Campaign-contributions databases such as OpenSecrets.org and NewsMeat indicate that Langston has been a prolific and generous donor to incumbent and aspiring Senators across the country, mostly Democrats (Murray, Cantwell, Daschle, Nelson, etc.) but also including a number of Republicans who might be perceived as swing votes or reachable, such as Sen. Lindsey Graham (S.C.), Susan Collins (Me.), and Arlen Specter (Penn.)
Incidentally, some critics have intimated that Langston’s generous support to DAGA, the Democratic Attorneys General Association, should actually be interpreted as a roundabout gift to Hood, who was the beneficiary of interestingly timed largesse from DAGA. It does not appear, however, that any of the parties involved — Langston, Hood or DAGA — have acknowledged any connection between the timing of the donations (& welcome Michelle Malkin, David Rossmiller, YallPolitics readers).
[Second of a two-part post. The first part is here.]
“A federal grand jury today indicted one of the nation’s most successful trial lawyers, Richard F. Scruggs, on criminal charges that he and other lawyers engaged in a scheme to bribe a judge.” The 13-page indictment charges five lawyers, including Scruggs and his son and law partner Zach, with offering Mississippi state judge Henry Lackey $40,000 for favorable action in a lawsuit filed against the Scruggs firm over Katrina insurance fees. “The indictment says Judge Lackey, who sits in Mississippi’s Third Circuit Court District, reported the ‘bribery overture’ to federal authorities and agreed to assist investigators in an ‘undercover capacity.'” (AP/New York Times, Nov. 28; Biloxi Sun-Herald).
Jerry Mitchell of the Jackson Clarion-Ledger is out front on the story, reporting: “Some of the conversations between Balducci and the judge were apparently taped,” and reporting alleged language uttered by some of the indicted lawyers, including: “We paid for this ruling; let’s be sure it says what we want it to say.” (“Scruggs arrested on bribery charges”, Nov. 28). David Rossmiller is following developments at Point of Law and at his blog, where he has a PDF of the indictment.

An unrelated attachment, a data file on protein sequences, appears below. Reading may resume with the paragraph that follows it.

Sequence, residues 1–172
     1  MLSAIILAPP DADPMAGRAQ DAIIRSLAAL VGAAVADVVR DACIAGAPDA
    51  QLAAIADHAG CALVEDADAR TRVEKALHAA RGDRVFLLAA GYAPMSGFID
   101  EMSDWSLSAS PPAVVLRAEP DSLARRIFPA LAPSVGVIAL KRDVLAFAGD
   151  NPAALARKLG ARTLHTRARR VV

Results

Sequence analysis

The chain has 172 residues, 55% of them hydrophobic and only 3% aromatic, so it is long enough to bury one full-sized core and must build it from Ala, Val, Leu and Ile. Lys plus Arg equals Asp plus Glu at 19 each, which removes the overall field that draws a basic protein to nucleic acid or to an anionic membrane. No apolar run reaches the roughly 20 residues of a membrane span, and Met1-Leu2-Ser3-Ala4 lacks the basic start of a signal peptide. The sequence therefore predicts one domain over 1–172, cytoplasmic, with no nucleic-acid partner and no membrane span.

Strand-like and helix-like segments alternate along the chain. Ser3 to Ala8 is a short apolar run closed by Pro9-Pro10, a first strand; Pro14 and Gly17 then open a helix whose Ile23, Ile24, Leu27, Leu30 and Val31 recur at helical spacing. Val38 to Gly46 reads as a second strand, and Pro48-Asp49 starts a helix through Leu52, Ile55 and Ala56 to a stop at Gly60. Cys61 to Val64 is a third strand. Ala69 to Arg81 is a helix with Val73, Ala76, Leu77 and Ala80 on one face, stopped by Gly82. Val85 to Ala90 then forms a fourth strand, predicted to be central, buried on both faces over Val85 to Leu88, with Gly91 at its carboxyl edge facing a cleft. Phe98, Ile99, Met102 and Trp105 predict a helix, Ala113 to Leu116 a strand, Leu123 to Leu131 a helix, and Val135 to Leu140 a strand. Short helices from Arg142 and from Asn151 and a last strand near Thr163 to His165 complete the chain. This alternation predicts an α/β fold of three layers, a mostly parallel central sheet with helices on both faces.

More: Y’all Politics has considerable reader comment about the implications for other Mississippi political figures, and notes drily that “for starters, Dickie Scruggs fundraiser for Hillary Clinton on December 15th featuring Bill Clinton, will likely be cancelled.” Many sites, including Michelle Malkin’s, RedState, and Tim Noah’s “Chatterbox” at Slate, are speculating on the close proximity of these developments to the surprise retirement of Scruggs’ brother-in-law, Sen. Trent Lott.
- Court won’t unseal settlement arising from $105 million Aramark/Giants Stadium dramshop case for fear girl’s father will try to get his hands on money [NJLJ, NorthJersey.com, Childs; earlier]
- Great moments in insurance defense law: you mean it wasn’t a good idea to infiltrate that church meeting to investigate the crash claim? [Turkewitz first, second posts]
- Columnist Paul Mulshine rejoices: Ninth Circuit decision “if it stands, will lead to the end of the SUV as we know it” [Newark Star-Ledger]
- Is it unfair — and should it be unlawful? — for insurers to settle crash victims’ claims too early? [Maryland Injury Lawyer Blog]
- If Ron Krist prevails in shoot-out of Texas plaintiff titans, he vows to have sheriff seize John O’Quinn’s Batmobile [American Lawyer; see also Ted’s take earlier]
- In much-watched case, Australian high court by 3-2 split upholds highway authority against claim defective bridge design was blameworthy after youth’s dive into shallow water [RTA NSW v. Dederer, Aug. 30]
- Redesigning Toyota’s occupant restraint system? Clearly another job for the Marshall, Texas courts [SE Texas Record; Point of Law; more]
- Bench trial results in $55 million verdict against U.S. government after Army employee on business runs red light and paralyzes small child [OC Register]
- Vision in a purple Gremlin: her Yale Law days shaped Hillary in many ways [Stearns/McClatchy]
- Zero tolerance for motorists’ blood-alcohol — are we sure we want to go there? [Harsanyi, Reason]
- Driver falls asleep, so of course Ford must pay [two years ago on Overlawyered; much more on our automotive page]